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DNASU Plasmid Repository

NAR Molecular Biology Database Collection entry number 1295
Catherine Y. Seiler1, Jin Park1, Amit Sharma1, Preston Hunter1, Padmini Surapaneni1, Casey Sedillo1, James Field2, Rhys Algar2, Andrea Price1, Jason Steel1, Andrea Throop1, Michael Fiacco1, and Joshua LaBaer1
1 Virginia G. Piper Center for Personalized Diagnostics, Biodesign Institute, Arizona State University, 1001 S. McAllister Dr. Tempe, AZ 85287-6401 2 LabGenius, 20-22 Bedford Row, London, United Kingdom, WC1R 4JS.

Database Description

The mission of the DNASU Plasmid Repository is to accelerate research by providing high-quality, annotated plasmid samples and online plasmid resources to the research community through the curated DNASU database, website and repository ( or The collection includes plasmids from grant-funded, high-throughput cloning projects performed in our laboratory, plasmids from external researchers, and large collections from consortia such as the ORFeome Collaboration and the NIGMS-funded Protein Structure Initiative: Biology (PSI:Biology). Through DNASU, researchers can search for and access detailed information about each plasmid such as the full length gene sequence, vector information, associated publications, and links to external resources that provide additional protein annotations and experimental protocols. Plasmids can be requested directly through the DNASU website. Overall, these plasmid resources continue to enable research with the goal of elucidating the role of proteins in both normal biological processes and disease

Recent Developments

Since the first report in 2010 (1,2), the number of clones stored and distributed through DNASU has nearly doubled to 197,000 plasmids containing gene inserts from over 700 species. Over 74,000 of these plasmids contain human genes, representing ~15,000 unique human genes. In addition to adding new plasmids to DNASU, we have considerably updated the website annotations and search capabilities. DNASU’s five search options have been improved and six new browse features were created to provide flexibility in finding plasmids within the database. The clone annotations page was also overhauled to provide detailed, well-annotated information about each plasmid on a single easy-to-navigate page that can be accessed directly from the search results. Plasmid information is now organized into three tabs containing information about the gene insert, the vector, and annotations. This information includes the new Dynamic (DyNA) Vector Map widget was created in collaboration with LabGenius. We continue to distribute plasmids to researchers worldwide with the added convenience of handling the Material Transfer Agreement through our Expedited MTA Network. Finally, DNASU openly encourages researchers to deposit plasmids in the repository, which functions as a secure archive site and alleviates the researcher’s burden of storage, maintenance, and distribution of plasmids.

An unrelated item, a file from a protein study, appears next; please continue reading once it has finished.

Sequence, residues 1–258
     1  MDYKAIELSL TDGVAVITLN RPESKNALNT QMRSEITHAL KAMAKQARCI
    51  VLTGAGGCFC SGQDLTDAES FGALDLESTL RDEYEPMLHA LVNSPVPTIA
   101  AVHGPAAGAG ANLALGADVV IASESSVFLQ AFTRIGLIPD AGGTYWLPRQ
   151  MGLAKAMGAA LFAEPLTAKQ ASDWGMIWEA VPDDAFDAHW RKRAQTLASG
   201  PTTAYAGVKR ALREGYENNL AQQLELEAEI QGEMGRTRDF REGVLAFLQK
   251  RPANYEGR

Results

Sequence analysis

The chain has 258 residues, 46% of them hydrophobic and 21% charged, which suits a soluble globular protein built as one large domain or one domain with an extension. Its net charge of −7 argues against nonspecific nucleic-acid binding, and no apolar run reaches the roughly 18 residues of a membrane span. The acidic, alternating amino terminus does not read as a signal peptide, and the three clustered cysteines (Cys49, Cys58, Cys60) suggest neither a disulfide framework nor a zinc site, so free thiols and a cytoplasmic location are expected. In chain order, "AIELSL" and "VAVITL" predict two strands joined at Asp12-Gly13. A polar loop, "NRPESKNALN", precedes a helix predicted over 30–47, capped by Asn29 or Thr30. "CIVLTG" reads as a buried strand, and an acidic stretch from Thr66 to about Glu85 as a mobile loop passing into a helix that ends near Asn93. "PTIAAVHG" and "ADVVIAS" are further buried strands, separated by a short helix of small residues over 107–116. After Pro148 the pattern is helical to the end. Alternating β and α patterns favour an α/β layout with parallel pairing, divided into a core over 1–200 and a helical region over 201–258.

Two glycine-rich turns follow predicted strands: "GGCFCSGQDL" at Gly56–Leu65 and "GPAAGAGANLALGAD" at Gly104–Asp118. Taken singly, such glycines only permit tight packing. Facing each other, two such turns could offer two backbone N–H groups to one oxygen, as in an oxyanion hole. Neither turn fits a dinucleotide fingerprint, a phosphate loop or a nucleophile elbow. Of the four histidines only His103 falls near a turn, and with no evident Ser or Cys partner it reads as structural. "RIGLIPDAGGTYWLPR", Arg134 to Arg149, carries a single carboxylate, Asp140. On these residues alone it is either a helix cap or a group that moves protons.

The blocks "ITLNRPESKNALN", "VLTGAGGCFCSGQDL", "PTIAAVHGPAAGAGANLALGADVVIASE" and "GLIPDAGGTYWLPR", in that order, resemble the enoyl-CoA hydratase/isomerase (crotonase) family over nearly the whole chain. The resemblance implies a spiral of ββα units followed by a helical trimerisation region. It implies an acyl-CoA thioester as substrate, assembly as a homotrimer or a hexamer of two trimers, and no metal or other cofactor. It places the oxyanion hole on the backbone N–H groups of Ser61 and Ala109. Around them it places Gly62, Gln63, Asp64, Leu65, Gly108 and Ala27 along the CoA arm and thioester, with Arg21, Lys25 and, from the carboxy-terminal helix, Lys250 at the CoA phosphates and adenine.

DNASU and PSI:Biology-Materials Repository would like to thank all plasmid depositors, outreach partners and collaborators. Most especially, we want to thank the PSI:Biology centers, the PSI:Biology Structural Biology Knowledgebase, and the NIGMS staff for their continued support and input in all aspects of this project. The authors would like to thank Christina Smith for her graphic design skills in designing the DNASU website, and Randle Kuehner for his help developing the PDB viewer. This work was supported by the National Institute of General Medical Sciences [grant number U01 GM098912] and the Virginia G. Piper Charitable Trust.


1.Cormier, C.Y., Mohr, S.E., Zuo, D., Hu, Y., Rolfs, A., Kramer, J., Taycher, E., Kelley, F., Fiacco, M., Turnbull, G. et al. (2010) Protein Structure Initiative Material Repository: an open shared public resource of structural genomics plasmids for the biological community. Nucleic acids research, 38, D743-749. 2. Cormier, C.Y., Park, J.G., Fiacco, M., Steel, J., Hunter, P., Kramer, J., Singla, R. and LaBaer, J. (2011) PSI:Biology-materials repository: a biologist's resource for protein expression plasmids. Journal of structural and functional genomics, 12, 55-62.

Go to the abstract in the NAR 2014 Database Issue.
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